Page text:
The Crested Butte Town Council set for public hearing an ordinance that substantially updates their town regulations guiding affordable housing for major subdivisions. The biggest changes would allow the town to control rents only if the town has a financial interest in the property. It also changes income limits to reflect the Area Median Income (AMI) as opposed to a specific number that changes every year.
The original affordable housing guidelines were passed in 1996. Since then the courts have said towns cannot control maximum rents unless they have an ownership interest in the property.
Under the new guidelines, a family of four making between $30,000 and $111,000 annually could qualify for affordable housing. But it is up to the council to determine how many units would be available for each income group. Town planner John Hess predicted more units would be available for a family making an annual income in the $60,000 range than for those in the $100,000 range.
Under the guidelines, so-called “Essential Service Employees” would get priority for affordable housing. Those who qualify include “employees of Crested Butte or Mountain Express, fire personnel, EMTs, public school teachers, county sheriff and others identified by the council.”
The council will look at the document and take public comment at their next meeting, July 21.
Signage and speed bumps?
Reacting to concerns by parents on Butte Avenue, the Town Council instructed the staff to look at controlling speeders in the area. Wouter van Tiel said the area seemed to be a haven for speeding cars and area neighbor and councilmember Skip Berkshire concurred. “Coming off Peanut Lake Road, people seem to speed,” said Berkshire. “I think a lot of people from out of town aren’t used to the 15 mile per hour limit.”
Town manager Susan Parker said the boxes used in the past as traffic-calming devices were essentially hazards to people and vehicles, and town didn’t want to place them in the middle of the streets anymore. “We are looking at other options such as more signage and temporary speed bumps,” she said. “But the first thing should be more enforcement.” She said she would get on it quickly. Van Tiel said the neighbors would be happy to help pay for any effort to get cars to slow down in the child-friendly neighborhood.
Speeders to get extra fine
Crested Butte’s municipal court will be raising some fines to stay in line with state statutes. The court will also now impose a $10 “fuel surcharge” fee on top of tickets for traffic violations.
Sales tax revenue down in May
Sales tax revenue for the month of May was down 16 percent over the same month in 2007. So far for the year, sales tax in Crested Butte is off 4.4 percent. The lodging, retail, bars and restaurants categories were all off more than 20 percent from 2007.
Should parking lots be part of Land Trust land?
After much discussion, the Crested Butte Town Council agreed on Monday, July 7 to consider accepting a couple of conservation easements for the Crested Butte Land Trust at their next meeting. Most of the discussion concerned the Land Trust proposal to provide parking for 40 vehicles on the property known as the Kikel Parcels. The Kikel property is approximately 70 acres of land at the winter trailhead for the Slate River valley, northwest of Crested Butte. Some of the Town Council and staff felt Gunnison County or the Forest Service should provide parking, and not the Land Trust. “It seems a little odd that the Land Trust would buy open space and then put in parking lots,” summed up Crested Butte building and zoning director Bob Gillie.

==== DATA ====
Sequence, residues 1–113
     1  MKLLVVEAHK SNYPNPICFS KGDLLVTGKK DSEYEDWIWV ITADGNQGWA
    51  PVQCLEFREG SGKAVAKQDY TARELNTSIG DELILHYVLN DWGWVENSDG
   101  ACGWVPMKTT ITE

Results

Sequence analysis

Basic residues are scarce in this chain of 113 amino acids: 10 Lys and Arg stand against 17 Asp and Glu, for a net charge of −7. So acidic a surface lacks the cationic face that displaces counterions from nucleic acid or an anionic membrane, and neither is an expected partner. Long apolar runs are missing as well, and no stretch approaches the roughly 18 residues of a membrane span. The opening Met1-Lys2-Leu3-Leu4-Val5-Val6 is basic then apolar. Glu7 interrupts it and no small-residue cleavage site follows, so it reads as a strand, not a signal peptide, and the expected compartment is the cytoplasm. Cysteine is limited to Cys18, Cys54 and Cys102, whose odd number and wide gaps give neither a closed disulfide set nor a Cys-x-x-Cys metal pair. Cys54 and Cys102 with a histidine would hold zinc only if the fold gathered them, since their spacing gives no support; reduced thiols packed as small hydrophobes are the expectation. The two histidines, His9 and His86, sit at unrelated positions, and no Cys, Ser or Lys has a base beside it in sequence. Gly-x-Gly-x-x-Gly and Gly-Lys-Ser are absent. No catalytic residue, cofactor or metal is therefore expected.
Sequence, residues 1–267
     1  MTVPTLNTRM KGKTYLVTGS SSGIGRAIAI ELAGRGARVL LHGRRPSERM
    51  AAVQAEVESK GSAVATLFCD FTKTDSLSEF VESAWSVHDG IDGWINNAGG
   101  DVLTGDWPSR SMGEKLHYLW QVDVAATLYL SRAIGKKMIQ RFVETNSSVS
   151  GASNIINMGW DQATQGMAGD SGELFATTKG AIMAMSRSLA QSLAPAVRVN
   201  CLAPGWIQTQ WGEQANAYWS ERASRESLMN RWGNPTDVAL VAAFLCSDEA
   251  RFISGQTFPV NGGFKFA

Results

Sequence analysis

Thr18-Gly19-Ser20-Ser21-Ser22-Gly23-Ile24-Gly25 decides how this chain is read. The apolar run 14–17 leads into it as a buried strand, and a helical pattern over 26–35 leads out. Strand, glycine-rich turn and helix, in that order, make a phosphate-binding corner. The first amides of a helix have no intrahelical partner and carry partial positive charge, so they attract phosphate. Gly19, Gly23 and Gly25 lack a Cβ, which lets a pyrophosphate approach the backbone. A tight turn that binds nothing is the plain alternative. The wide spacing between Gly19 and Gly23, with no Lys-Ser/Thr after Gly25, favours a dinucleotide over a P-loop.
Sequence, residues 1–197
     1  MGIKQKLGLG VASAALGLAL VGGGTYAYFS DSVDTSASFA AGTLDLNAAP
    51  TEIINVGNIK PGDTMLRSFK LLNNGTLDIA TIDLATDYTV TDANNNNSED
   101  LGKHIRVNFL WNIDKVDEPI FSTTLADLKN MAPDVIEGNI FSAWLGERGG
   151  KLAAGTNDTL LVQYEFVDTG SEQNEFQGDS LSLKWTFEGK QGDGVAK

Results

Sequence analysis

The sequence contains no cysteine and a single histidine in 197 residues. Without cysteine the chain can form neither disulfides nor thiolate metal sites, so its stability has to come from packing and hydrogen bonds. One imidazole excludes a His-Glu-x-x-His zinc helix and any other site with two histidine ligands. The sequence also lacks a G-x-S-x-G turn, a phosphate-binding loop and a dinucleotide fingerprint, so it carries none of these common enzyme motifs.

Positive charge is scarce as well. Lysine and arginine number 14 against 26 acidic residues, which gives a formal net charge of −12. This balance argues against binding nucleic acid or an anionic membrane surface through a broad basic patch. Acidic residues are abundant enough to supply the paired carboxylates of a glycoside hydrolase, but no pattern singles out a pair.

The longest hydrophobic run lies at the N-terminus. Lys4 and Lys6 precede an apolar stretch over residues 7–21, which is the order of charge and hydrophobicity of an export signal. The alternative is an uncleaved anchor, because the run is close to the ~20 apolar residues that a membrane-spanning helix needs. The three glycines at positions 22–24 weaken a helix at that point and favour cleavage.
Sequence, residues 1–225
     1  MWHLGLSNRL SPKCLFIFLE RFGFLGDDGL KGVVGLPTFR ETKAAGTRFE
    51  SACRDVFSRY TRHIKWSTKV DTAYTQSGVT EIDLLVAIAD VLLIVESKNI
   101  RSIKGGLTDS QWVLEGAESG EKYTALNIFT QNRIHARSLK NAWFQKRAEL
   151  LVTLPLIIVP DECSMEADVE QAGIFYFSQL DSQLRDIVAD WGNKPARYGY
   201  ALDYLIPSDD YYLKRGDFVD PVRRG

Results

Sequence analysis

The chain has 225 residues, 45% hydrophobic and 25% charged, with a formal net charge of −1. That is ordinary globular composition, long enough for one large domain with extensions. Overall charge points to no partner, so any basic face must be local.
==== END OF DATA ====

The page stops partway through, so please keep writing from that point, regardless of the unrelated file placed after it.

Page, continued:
“We don’t want to be developers of parking lots,” responded Land Trust president Jeff Hermanson. “This is about preserving land. The parking area would be 15 percent of one acre and we are preserving 70 acres.”
“So why not just let it be and have people wanting to park fend for themselves,” asked Bernholtz. “Let people deal.”
“As part of the community we are trying to be good neighbors,” said Keith Bauer, Land Trust board member. “It is becoming more of a problem, especially when it starts to impact residences.”
“Let the owners of the residences deal with it,” suggested Bernholtz. “If the Land Trust is spending big money, why is it your responsibility?”
“We’re trying to be good stewards,” said Bauer. “The problem of parking to get into the backcountry is impacting all of the valleys and it has become more problematic in the last four or five years. We are trying to help.”
“It’s not a deal breaker but I would encourage the Land Trust to look at other alternatives,” said councilmember Leah Williams.
The final decision will come after the public hearing scheduled for July 21.
Mountain Express lease proceeding
The council gave the okay to proceed with a lease agreement with the Mountain Express for a new bus barn facility. Town manager Susan Parker will meet with the Mountain Express board next week and finalize the details. The lease between the town and transportation board will be a 20-year lease with a provision calling for a five-year notice if the town wants the bus service to vacate the premises. “Five years is unusually long,” commented town attorney John Belkin. “I would recommend a two-year notice.”
“Look at us. We’re unusual,” responded Bernholtz. The five-year notice will remain as part of the lease.
Taking the crooked path
The council told a group of residents from the Eighth Street area to proceed with the concept of putting in a new pedestrian path along the road. The meandering path would be bermed from traffic. “It would be different from a typical straight-line path,” explained local resident Jeff Scott. Parker said it was an excellent idea with the neighbor participation and the council agreed.